Afro-Gangnam Style: Seeking out Real Relevance
01 Feb 2013|Added Value
This post was originally written for MarkLives.com
The Korean hit Gangnam Style has taken the world by storm, notching up close to 1-billion views on YouTube. Psy’s parody of the folk living in the affluent and trendy Seoul suburb highlights their rapid increase in personal wealth, manifested in lavish and conspicuous consumption. But is South Korea the only guilty country? And more than that: are they even guilty?
Turning the gaze to South Africa one can easily draw parallels. It is easy to frown on the prevailing glitz and glamour of so called ‘new money’ in our country. However, societies remember and build on where they come from. Self-expression and the desire to be noticed are not alien to many African cultures.
In fact, African cultures are very often expressive cultures where emblems and outward facing symbolism carry social relevance. For example, black culture marked social categories of age, gender, kinship, and rank in their attire and etiquette. A woman’s clothing indicated whether she was married or not, and coming-of-age ceremonies involve display of self-pride and self expression.
And growing up everyone dressed up in their best gear for church on Sunday, holidays like Christmas and Easter, weddings and funerals.
Many will recall the act of ‘swanking’ where hostel-dwelling men put on their best gear to showcase their ‘swanked’ self. This involved status brands like Crockett & Jones and Florsheim shoes (currently approximately $140), Dobshire clothing, and so on. These are seriously exclusive and expensive brands way beyond the pay package of hostel dwellers
Putting Gangnam Style in context in our nation, how does one ensure that this is not lost in the melting pot of colour at end of the rainbow? There is an increased desire for self-definition, recognition and acknowledgement.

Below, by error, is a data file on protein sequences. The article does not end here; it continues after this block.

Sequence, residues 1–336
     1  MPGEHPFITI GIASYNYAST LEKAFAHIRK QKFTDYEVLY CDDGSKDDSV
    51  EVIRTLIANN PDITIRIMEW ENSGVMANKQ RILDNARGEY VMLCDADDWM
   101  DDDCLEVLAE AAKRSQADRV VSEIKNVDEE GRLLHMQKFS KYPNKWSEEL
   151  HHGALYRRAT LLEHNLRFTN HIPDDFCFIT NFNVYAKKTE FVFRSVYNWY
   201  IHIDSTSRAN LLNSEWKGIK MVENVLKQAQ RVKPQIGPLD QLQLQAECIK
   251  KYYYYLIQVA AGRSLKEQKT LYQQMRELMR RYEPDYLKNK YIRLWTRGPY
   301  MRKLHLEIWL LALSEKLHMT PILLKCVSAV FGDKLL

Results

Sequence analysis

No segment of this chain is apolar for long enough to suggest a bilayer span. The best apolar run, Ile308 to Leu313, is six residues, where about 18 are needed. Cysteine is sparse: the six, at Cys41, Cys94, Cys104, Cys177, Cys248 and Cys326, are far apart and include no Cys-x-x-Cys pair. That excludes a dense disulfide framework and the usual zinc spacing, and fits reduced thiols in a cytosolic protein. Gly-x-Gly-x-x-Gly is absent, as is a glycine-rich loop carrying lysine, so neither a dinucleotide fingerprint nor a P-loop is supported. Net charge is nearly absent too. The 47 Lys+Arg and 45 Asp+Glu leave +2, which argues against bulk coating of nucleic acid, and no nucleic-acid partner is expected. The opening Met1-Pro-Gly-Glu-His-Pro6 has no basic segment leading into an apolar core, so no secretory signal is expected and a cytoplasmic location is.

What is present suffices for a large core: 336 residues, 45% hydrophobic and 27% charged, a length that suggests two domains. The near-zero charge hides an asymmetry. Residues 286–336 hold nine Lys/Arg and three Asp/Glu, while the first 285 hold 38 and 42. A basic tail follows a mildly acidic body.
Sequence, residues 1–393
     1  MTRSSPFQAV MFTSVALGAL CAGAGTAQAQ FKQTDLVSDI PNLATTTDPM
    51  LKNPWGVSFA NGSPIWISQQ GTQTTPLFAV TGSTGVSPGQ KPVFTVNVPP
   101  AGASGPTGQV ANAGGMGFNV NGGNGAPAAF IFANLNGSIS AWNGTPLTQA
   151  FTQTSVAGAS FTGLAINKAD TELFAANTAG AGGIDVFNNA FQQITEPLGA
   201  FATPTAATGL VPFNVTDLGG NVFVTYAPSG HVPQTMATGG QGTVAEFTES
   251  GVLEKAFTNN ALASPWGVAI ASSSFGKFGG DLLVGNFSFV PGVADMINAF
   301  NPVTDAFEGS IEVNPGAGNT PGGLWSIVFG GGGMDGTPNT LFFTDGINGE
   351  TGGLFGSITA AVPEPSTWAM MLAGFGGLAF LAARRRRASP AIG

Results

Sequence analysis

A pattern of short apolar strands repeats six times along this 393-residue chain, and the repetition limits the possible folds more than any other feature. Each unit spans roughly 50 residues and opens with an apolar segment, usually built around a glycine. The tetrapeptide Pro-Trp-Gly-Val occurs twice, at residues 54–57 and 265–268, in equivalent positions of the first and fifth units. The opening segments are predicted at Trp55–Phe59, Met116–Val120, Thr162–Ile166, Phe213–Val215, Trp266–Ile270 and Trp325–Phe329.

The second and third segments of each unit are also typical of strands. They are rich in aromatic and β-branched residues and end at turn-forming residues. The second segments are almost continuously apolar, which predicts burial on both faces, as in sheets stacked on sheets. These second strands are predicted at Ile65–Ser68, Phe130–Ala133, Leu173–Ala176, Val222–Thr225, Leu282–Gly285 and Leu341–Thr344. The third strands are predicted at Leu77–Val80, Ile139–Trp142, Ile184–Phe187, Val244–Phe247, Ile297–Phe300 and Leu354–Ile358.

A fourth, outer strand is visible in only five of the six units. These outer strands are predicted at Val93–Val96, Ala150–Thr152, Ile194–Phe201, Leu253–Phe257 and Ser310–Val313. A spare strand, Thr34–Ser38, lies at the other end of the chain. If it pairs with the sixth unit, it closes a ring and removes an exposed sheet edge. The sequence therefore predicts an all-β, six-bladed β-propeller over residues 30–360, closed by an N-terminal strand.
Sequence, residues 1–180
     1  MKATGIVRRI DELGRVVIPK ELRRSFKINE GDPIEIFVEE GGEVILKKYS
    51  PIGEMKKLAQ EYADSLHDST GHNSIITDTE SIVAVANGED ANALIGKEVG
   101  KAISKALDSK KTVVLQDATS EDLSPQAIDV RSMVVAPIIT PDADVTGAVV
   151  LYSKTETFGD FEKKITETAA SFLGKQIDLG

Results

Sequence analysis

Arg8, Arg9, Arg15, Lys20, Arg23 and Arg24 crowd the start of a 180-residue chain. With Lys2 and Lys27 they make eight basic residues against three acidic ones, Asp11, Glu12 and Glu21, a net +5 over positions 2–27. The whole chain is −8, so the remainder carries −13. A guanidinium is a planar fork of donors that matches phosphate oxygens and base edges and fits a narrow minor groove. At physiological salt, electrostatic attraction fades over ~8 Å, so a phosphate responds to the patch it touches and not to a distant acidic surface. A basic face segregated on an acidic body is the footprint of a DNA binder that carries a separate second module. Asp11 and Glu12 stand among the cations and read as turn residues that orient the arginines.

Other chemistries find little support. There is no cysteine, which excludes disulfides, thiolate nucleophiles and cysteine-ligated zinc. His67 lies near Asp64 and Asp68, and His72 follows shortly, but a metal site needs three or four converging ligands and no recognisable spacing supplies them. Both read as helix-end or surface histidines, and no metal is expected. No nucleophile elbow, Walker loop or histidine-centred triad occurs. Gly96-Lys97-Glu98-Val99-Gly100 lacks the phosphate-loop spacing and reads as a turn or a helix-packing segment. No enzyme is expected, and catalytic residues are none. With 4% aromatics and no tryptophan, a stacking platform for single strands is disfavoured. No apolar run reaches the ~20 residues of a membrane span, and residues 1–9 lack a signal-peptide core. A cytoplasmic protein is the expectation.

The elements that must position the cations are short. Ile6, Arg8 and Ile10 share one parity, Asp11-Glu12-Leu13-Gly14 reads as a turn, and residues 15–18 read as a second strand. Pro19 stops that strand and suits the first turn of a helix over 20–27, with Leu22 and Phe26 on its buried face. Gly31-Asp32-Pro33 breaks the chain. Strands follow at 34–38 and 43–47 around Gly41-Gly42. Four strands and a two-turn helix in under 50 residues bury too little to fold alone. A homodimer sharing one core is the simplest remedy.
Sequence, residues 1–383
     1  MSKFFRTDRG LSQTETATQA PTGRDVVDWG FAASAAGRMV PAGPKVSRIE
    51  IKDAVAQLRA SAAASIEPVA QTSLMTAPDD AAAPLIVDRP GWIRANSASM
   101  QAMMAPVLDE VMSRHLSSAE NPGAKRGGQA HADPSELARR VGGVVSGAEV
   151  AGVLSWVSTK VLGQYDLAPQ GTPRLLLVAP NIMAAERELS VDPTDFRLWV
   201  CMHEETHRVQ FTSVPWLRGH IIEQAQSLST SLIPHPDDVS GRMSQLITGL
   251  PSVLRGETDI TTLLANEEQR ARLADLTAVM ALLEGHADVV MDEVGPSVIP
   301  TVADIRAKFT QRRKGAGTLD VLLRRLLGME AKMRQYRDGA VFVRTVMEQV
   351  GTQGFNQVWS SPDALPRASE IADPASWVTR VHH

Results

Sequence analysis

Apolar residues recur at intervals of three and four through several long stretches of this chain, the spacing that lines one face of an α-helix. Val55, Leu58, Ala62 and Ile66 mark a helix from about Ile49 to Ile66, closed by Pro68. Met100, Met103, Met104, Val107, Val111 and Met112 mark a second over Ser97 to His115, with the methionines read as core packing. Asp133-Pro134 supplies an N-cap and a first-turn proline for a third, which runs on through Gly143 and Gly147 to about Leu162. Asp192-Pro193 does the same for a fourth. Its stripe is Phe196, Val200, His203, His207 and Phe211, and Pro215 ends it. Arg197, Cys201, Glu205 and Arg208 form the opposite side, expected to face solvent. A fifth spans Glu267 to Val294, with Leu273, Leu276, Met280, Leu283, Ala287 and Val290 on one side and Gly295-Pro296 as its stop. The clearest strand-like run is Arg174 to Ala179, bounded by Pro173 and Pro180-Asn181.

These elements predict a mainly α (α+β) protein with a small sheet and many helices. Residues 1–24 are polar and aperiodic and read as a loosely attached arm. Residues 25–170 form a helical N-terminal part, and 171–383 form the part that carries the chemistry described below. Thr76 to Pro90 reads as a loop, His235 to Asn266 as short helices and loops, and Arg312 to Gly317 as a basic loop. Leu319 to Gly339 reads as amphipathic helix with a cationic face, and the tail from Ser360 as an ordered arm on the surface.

In fact, I believe we are a society still ruled by a pre-defined framework and that brands often pander to the prevailing pent up desires where wealth acquisition is taking up a perverse fashion. South Africans can’t be fully expressed on a straight line ranging from rich to poor.
On the one side of the coin, the implication for brands of Afro-Gangnam Style is the risk of being associated with the emptiness of wealth rather than seeking out real relevance and addressing an enduring need.
On the other, brands can ensure greater distinctiveness through a more textured spectrum, especially in a society so diverse. That is, they can be used as ‘words and symbols’ of expression to give self definition and authentic direction.
Some brands are taking this path – Woolworths with its MySchool Card and sustainability focus, Levis with its successful launch of the Eva gangnam style‘Bootlicious’ range (African inspired), KFC with Add Hope and Primedia with LEADSA.
There is also the young and highly expressive youngsters Smarteez, who have created a distinctive street fashion label that has caught the eye of the international fashion media, and the more established Stoned Cherrie with its more modern expression of African wear. For me, both these labels express a real desire for self-definition and ensure that authentic African expressions are not lost.
There is a low-key trend which Added Value has termed ‘Afro Luxe’, which marries the very modern world with Africa’s very traditional one. It is not international expression with an African spin; instead it is modern African luxury. The trend regards luxury as authenticity, vibrancy and dynamism, and taps into a growing desire of South Africans to do things their way and express who they are in the lifestyle choices.
For brands, the opportunity exists to go beyond the obvious and truly delve into our culture to ensure richer granularity.
Some may question whether this is the role of brands, I say the more we do this, the more South Africa can influence the world at large.
Masingita Mazibuko is an Associate Director at Added Value South Africa and is a regular columnist for MarkLives.
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